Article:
The 2018-19 BSR Fine Arts Talks series TALK GENDER opens this Friday 16 November at 18.00 with a conversation between artist Linder Sterling – known for her radical feminist photomontage, and confrontational performance art focusing on questions of gender, commodity and display – and classicist Mark Bradley who has been working with Linder since the two met during Linder’s residency at Chatsworth House. Here Mark tells us a little more about how that collaboration came about.
What do a contemporary artist and a scholar of ancient Rome have in common? More than you might think, is the answer. I first met Linder Sterling in Autumn 2017, when she was artist-in-residence at Chatsworth House and had the enviable task of trawling the House’s extensive archives and collections while preparing an ambitious exhibition for the following Spring that would integrate her own specialism in montage and subversive feminist art with Chatsworth’s rich sophisticated appropriation of classical myth and iconography – and the former Dowager Duchess’ fascination with Elvis Presley. Like the 12th Duke of Devonshire, Peregrine Cavendish (the current owner of Chatsworth), Linder also shares a keen interest in olfaction, incense and sensibility, and so it became the mission of her project to animate the rich sights and sounds of Chatsworth’s historical past, as well as exploring ways of projecting the House’s immersion in classical antiquity through the strategic use of incense recipes taken straight from ancient Greece and Rome.
That is when Linder heard about the Anglo-French conference that I co-organised last June at the British School at Rome and the École française on the topic of ‘Sensing Divinity: Incense, Religion and the Ancient Sensorium’. Sadly, she was not able to attend, but fortuitously Chatsworth itself and Nottingham Contemporary Arts Gallery, where Linder was organising her linked retrospective exhibition ‘The House of Fame’, were a stone’s throw from where I lived and worked. That was the beginning of a rich friendship and collaboration that has journeyed from Chatsworth to Nottingham Contemporary, to Linder’s most recent performance ‘The Bower of Bliss’ at Southwark Station, a contribution to the ‘Art on the Underground’ project, and now to the British School at Rome. I’ve been working on the sights, sounds, smells, tastes and touches of classical antiquity for over twenty years, and I’m also interested in how those senses and sensations are channelled into and interpreted by modernity: I learned an enormous amount about those themes during my six years as Editor of Papers of the British School at Rome, in which the richly intertwined themes and experiences of the 3,000-year history of the city led my interests in all sorts of directions that I never expected to go. In the context of these interests, Linder’s penchant for montage resonates with the layered and fragmented experiences of Rome as a city, in which senses and sensations have always been how inhabitants and visitors made sense of their environment and its history. This has become the perfect opportunity for an adventure.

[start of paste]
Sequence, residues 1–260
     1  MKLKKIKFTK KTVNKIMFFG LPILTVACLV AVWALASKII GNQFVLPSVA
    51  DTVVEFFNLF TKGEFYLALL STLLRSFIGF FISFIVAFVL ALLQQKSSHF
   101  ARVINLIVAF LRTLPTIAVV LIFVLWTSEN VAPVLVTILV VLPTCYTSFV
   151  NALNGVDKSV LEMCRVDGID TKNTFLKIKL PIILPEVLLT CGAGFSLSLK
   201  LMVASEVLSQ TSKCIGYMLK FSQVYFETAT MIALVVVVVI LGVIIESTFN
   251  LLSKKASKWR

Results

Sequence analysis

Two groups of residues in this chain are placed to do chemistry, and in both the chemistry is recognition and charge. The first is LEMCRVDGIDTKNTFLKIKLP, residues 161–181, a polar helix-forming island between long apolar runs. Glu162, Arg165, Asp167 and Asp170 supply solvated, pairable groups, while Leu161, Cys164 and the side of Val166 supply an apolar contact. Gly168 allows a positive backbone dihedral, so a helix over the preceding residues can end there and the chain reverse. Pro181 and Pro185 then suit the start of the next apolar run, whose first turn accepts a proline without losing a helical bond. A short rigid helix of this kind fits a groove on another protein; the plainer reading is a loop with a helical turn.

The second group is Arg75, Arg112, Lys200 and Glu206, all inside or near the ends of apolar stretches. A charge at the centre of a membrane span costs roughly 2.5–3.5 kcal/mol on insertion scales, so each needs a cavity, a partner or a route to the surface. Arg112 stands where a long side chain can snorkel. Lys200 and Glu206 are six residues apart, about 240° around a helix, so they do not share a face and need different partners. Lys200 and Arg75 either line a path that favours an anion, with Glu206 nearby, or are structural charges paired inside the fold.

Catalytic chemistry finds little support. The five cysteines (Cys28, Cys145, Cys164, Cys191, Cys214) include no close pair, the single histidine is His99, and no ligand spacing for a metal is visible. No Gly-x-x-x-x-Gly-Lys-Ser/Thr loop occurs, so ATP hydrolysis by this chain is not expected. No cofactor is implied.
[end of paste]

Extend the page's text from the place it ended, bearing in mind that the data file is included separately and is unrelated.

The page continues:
Our ‘conversation’ at the British School at Rome this Friday will chart not only the milestones of the journey Linder and I have taken together over the last twelve months, but will also highlight the rewards that can be reaped when we think outside the box, when artists and academics with common interests work together to explore both new and old ways of representing the world and our places in it.
Linder is a British artist known for her radical feminist photomontage, and confrontational performance art. Linder focuses on questions of gender, commodity and display. Her highly recognisable photomontage practice combines everyday images from domestic or fashion magazines with images from pornography and other archival material. Linder has recently completed a residency with Art on the Underground in London during which she has created 85 metres of billboard photomontages and 12 million copies of her tube map cover design are currently in print.
Mark Bradley is Associate Pro-Vice-Chancellor and Associate Professor of Ancient History at the University of Nottingham, and former Editor of the Papers of the British School at Rome (2011-17). He is author of Colour and Meaning in Ancient Rome (2009) and Editor of the six-volume Routledge series ‘The Senses in Antiquity’ (2013-18), and also has research interests in approaches to dirt, pollution and purity in the city of Rome, and the reception of classical antiquity during the British Empire.